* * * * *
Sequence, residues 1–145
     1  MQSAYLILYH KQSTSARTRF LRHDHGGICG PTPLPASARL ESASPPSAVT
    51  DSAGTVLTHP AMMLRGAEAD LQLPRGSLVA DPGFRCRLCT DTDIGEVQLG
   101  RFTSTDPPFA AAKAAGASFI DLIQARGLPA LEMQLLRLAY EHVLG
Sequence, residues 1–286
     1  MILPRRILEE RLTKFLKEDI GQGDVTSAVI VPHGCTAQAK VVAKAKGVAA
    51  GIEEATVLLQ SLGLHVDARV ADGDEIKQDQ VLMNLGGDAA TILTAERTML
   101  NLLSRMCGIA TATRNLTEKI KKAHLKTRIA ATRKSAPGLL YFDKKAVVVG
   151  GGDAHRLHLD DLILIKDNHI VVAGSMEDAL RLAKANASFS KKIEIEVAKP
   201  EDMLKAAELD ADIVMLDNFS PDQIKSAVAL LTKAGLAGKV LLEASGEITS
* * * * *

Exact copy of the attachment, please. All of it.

Sequence, residues 1–145
     1  MQSAYLILYH KQSTSARTRF LRHDHGGICG PTPLPASARL ESASPPSAVT
    51  DSAGTVLTHP AMMLRGAEAD LQLPRGSLVA DPGFRCRLCT DTDIGEVQLG
   101  RFTSTDPPFA AAKAAGASFI DLIQARGLPA LEMQLLRLAY EHVLG
Sequence, residues 1–286
     1  MILPRRILEE RLTKFLKEDI GQGDVTSAVI VPHGCTAQAK VVAKAKGVAA
    51  GIEEATVLLQ SLGLHVDARV ADGDEIKQDQ VLMNLGGDAA TILTAERTML
   101  NLLSRMCGIA TATRNLTEKI KKAHLKTRIA ATRKSAPGLL YFDKKAVVVG
   151  GGDAHRLHLD DLILIKDNHI VVAGSMEDAL RLAKANASFS KKIEIEVAKP
   201  EDMLKAAELD ADIVMLDNFS PDQIKSAVAL LTKAGLAGKV LLEASGEITS